Jonathan A. Karon is the founder of Karon Law LLC and has recently joined the KJC Law Firm LLC as Of Counsel. Jon’s practice primarily consists of plaintiff’s personal injury cases and general civil litigation. His active trial practice includes traumatic brain injuries, amusement ride accidents, product liability, and other serious personal injury cases as well as general civil litigation. Renowned as one of the state’s best trial lawyers, Jon’s noteworthy cases include successfully representing a young girl who suffered a tragic head injury due to a defective motor cover on an amusement ride; a young boy who survived a traumatic brain injury but lost all his social skills; a young woman who broke her neck as the result of a defective go kart seat belt; and the surviving family of a wife/mother who lost her life due to an unreasonably dangerous aftermarket snowmobile part.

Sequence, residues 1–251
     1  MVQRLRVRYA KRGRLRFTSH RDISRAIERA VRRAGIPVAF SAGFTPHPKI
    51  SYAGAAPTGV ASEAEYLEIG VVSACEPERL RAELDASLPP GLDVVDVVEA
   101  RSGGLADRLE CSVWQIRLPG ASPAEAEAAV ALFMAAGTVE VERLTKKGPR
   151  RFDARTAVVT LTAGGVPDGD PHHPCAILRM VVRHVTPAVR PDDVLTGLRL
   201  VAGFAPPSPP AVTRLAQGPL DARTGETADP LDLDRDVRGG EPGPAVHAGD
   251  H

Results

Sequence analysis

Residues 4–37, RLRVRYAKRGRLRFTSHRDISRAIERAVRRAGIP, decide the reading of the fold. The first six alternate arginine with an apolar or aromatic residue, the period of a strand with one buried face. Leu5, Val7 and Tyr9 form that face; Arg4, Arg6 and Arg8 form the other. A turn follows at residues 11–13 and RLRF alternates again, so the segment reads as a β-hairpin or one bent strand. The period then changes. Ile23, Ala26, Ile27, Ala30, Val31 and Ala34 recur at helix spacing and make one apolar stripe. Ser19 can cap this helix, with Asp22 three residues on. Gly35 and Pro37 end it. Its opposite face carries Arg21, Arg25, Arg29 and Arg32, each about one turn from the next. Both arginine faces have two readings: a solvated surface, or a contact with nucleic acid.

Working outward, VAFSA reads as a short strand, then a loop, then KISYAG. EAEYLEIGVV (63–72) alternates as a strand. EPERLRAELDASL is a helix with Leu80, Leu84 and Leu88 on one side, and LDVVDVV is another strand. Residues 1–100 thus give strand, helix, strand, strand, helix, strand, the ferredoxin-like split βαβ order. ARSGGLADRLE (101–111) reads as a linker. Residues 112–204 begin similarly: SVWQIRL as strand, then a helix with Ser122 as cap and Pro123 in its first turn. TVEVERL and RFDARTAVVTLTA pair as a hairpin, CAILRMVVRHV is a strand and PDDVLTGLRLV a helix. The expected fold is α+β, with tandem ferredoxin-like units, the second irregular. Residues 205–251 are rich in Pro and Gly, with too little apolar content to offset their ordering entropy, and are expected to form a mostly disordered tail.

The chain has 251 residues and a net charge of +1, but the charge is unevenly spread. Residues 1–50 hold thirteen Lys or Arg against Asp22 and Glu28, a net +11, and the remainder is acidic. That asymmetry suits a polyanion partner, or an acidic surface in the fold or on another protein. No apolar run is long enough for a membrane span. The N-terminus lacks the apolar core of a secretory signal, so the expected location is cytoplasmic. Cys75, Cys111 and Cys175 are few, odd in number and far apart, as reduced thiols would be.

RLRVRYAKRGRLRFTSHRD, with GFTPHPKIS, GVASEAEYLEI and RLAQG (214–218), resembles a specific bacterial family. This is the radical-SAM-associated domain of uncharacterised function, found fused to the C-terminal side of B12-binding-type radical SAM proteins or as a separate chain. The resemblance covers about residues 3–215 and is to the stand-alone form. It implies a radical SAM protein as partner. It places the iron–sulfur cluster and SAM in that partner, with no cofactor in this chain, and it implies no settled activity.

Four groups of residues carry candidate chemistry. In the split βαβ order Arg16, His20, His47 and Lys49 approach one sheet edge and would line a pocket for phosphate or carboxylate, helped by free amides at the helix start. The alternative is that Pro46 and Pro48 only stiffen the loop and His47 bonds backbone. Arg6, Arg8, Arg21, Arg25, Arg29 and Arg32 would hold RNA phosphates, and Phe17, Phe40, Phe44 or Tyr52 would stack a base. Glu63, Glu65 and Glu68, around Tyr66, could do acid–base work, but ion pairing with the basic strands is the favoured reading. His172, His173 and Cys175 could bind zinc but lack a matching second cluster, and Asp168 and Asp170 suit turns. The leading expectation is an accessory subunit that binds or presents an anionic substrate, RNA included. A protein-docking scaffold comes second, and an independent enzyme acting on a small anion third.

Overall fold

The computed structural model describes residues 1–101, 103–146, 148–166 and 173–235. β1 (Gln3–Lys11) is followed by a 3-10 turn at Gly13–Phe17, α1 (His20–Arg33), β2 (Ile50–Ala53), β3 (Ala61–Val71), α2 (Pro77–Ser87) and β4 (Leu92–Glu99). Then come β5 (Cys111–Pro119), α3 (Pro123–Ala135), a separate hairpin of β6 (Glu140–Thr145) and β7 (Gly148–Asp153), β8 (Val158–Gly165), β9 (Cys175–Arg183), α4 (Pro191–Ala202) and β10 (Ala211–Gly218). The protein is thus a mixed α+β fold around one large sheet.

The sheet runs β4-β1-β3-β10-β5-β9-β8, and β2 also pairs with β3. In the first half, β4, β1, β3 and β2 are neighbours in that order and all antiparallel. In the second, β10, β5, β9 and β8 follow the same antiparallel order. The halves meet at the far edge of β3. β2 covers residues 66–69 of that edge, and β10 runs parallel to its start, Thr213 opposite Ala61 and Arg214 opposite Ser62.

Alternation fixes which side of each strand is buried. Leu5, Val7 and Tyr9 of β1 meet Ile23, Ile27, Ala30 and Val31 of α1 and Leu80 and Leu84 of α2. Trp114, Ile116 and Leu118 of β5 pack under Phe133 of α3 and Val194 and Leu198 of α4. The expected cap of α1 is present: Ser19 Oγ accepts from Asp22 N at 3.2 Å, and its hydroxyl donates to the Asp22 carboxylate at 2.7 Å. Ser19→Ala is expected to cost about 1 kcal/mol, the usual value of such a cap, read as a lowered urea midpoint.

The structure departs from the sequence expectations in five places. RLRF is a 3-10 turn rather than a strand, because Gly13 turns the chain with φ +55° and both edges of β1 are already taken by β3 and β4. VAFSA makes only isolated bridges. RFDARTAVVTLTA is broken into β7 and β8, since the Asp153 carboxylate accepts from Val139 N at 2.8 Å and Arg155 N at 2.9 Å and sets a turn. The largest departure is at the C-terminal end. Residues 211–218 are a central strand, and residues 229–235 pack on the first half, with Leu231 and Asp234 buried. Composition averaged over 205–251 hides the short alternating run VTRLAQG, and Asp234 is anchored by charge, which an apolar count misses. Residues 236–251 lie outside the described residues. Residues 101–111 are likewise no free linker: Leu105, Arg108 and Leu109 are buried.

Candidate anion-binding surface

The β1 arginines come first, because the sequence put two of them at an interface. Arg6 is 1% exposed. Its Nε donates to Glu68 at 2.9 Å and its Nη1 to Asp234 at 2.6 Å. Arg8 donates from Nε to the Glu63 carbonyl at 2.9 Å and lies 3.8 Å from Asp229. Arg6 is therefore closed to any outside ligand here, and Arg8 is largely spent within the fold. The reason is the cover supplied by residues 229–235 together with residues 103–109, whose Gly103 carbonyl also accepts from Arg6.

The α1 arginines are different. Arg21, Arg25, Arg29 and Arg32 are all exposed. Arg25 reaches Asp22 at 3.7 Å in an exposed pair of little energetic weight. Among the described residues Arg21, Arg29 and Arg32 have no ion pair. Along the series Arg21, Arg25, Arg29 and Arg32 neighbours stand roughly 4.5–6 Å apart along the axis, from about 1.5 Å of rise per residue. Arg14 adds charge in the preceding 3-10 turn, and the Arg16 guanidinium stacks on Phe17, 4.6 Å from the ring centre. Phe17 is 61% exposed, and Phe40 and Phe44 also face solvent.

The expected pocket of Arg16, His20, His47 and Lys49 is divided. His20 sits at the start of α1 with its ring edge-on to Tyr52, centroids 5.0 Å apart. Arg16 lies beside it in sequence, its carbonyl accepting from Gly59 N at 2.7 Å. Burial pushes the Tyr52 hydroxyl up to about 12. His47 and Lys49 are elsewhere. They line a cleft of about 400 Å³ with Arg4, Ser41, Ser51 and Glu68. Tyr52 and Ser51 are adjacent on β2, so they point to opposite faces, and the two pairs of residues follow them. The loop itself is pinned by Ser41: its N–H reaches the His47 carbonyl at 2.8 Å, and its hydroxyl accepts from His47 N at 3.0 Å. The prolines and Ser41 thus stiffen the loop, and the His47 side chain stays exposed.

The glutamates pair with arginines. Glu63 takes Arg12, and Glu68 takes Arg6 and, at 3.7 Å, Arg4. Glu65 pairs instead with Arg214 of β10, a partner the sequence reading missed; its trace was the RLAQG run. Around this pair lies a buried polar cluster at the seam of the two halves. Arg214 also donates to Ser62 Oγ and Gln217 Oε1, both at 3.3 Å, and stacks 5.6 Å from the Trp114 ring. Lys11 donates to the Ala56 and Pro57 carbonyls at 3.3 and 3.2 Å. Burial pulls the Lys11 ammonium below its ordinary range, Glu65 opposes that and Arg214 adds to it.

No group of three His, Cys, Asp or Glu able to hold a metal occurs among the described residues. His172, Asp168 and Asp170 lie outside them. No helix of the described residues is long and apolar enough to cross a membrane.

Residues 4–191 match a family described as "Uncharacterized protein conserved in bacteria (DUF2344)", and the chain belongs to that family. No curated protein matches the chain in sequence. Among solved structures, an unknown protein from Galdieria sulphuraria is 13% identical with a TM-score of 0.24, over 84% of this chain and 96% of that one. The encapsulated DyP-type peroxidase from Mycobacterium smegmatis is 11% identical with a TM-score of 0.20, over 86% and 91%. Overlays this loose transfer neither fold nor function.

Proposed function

EVERYTHING YOU NEED TO KNOW ABOUT THE DOCTRINE OF QUALIFIED IMMUNITY AND HOW IT PREVENTS CITIZENS FROM ENFORCING THEIR RIGHTS AGAINST LAW ENFORCEMENT AND GOVERNMENT OFFICIALS

What is Qualified Immunity for Police Officers? These Six Cases ...